Sip ‘n’ stroll in downtown Reno
A Wine Walk on the Riverwalk is a great way to introduce yourself to the arts, culture and services in downtown Reno
Sydney Sukuta came to America from Zimbabwe to finish college, earning his Ph.D. in chemical physics in 1999 at the University of Nevada, Reno. But science isn’t Sukuta’s only passion. With his wife, Sandra Adams, Sukuta opened Bantu Spirit, a small shop that sells art, clothing and other items from his native country.
“I’ve always enjoyed art, and that was something we can share with the whole world,” Sukuta says. “I didn’t find too many outlets here to expose the art from back home and also to share our culture with the local people. So this is a great opportunity.”
Having opened their store on April 1 in the Riverside Artist Lofts building at 17 S. Virginia St., Sukuta and Adams are the most recent merchants to set up shop in Reno’s Riverwalk area. Along with Metro Salon, Rad Betty’s thrift store and other locally owned businesses, Bantu Spirit could have been easily overlooked as more consumers defect to big-box mega-stores on the edges of town.
But along First Street and the surrounding area, the Riverwalk Merchants Association is striving to draw lovers of art and culture to the downtown core, and at least one of the group’s efforts is paying dividends: the Wine Walk on the Riverwalk, an afternoon of shopping, wine-tasting and having an all-around good time.
“We have gotten quite a bit of customers related to the Wine Walk,” Adams says. “We are on the map, and people have been looking for us.”
When I arrive at the River Gallery around 3 p.m., co-owner Ann Fullerton is chatting near the front of the store. Her partner, Pam Bobay, is in the back passing out tiny plastic cups of Latchum Vineyards’ Sierra Foothills Goldrush Red. Nearby, chef Scott Robert Harvey hands out samples of mouth-watering garlic bread and oily dipping sauces. Amidst the modern paintings and sculptures, patrons are happily munching, sipping, talking and laughing. This friendly atmosphere is what Bobay looks forward to every third Saturday of the month when the Wine Walk is held.
“The idea is to get out and enjoy Reno and let us know what you’re thinking, too,” Bobay says. “There’s a lot of exchange of ideas. Most people seem very pleased. Even if they don’t drink the wine, they like the event. And the thing that I like is the energy. You hear laughter, and you share.”
Indeed, the Riverwalk area is bursting with activity during the May 18 Wine Walk, despite the windy, muggy weather. A decent-sized crowd lines up for movie tickets in the Century Riverside 12 lobby. Dog-walkers march along Island Avenue, while more stroll through the plaza next to Java Jungle. Everywhere I look, people carry colorful Wine Walk maps and shopping bags.
Kelli Nicolato, president of the Riverwalk Merchants Association and owner of eclectic retail shop La Bussola with her husband, Giorgio, says participation in the Wine Walk has grown to between 200 and 400 people each month.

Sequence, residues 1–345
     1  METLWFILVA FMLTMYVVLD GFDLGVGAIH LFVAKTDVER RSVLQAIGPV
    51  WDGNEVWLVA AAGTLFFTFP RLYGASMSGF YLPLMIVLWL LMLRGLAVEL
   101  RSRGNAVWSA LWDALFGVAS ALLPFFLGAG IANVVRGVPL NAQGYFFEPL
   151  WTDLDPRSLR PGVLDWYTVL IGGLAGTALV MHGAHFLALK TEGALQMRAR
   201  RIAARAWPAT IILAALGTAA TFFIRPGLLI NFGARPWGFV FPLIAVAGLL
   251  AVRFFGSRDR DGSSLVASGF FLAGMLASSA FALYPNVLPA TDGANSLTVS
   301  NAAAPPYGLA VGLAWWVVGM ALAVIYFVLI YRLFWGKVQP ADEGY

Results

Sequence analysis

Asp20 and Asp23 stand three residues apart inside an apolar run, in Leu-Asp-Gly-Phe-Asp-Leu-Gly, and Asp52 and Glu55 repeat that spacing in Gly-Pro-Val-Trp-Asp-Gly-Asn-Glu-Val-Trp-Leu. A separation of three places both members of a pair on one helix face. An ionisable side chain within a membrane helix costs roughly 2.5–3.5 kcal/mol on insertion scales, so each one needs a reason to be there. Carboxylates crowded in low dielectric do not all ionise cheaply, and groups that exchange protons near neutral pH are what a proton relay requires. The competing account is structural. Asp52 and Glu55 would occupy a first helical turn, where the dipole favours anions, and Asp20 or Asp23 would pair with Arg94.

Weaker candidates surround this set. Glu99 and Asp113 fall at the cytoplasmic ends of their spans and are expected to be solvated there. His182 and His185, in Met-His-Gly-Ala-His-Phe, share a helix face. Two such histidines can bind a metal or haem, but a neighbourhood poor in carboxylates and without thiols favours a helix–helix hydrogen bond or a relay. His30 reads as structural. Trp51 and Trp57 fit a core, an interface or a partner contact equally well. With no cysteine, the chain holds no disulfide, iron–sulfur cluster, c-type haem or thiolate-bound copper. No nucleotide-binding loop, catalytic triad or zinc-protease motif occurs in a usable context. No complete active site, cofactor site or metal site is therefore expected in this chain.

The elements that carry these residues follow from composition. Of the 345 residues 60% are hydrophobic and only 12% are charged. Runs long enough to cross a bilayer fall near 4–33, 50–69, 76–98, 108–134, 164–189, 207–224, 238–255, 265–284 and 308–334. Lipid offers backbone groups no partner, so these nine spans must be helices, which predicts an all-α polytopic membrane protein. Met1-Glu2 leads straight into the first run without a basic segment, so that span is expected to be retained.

“We get tourists. We get locals who come almost to every single Wine Walk,” Nicolato says. “We get people who are just popping out of a movie and see all these people down here and say, ‘What’s going on? Why does everybody have wine?’ So it’s kind of a fun find.”
Bobay says many Wine Walk participants are now turning the event into a daylong trip.
“We’ve seen the Wine Walk go from a narrow venue, where people were just coming down for the Wine Walk. Now people come down and combine a movie,” she says. “So here’s a double-header, and we get the restaurants next year. People can come down … shop, dine—[or see a] movie, live theater.
“It’s wonderful, and by golly, we Renoites, we deserve it!”
Of course, the Wine Walk is usually a good business day for the downtown merchants as well, Bobay says. Nicolato says that, while retail shops see the most obvious gain from the event, shops that provide services, such as Metro Salon, gain important name recognition.
“For a new store like that, it’s just a great way to get people to even know you exist, and [Metro owner Annette Cortezzo] can hand out her menu of her services,” Nicolato says. “It’s such a beautiful shop once you get inside of it. People are happy to find it. … Even if you’re part of the association, you don’t have to do the Wine Walks. But I think we have 18 merchants on this Wine Walk, so everybody wants to.”
And while the Wine Walk certainly generates interest and revenue for the participating merchants, Nicolato emphasizes that the event isn’t all about cash. She says that many times the Riverwalk Merchants Association tries to tie in a charity event with the walk. A recent fund-raiser for the SPCA called “Art Goes to Dogs,” during which cat- and dog-themed art was auctioned, netted the animal organization over $2,000. The Wine Walk also promotes a sense of community, she says.
“It’s just a way to unite the neighborhood,” Nicolato says. “We, really, as the merchants, not only are working to promote the neighborhood and everything, but we solve a lot of problems, like police issue problems, homelessness problems, cleanliness problems. June 1 we’re having a Riverwalk cleanup, and we’re all planting flowers in planters and having a big party.
“It’s not just about making the money. It’s about improving the area too."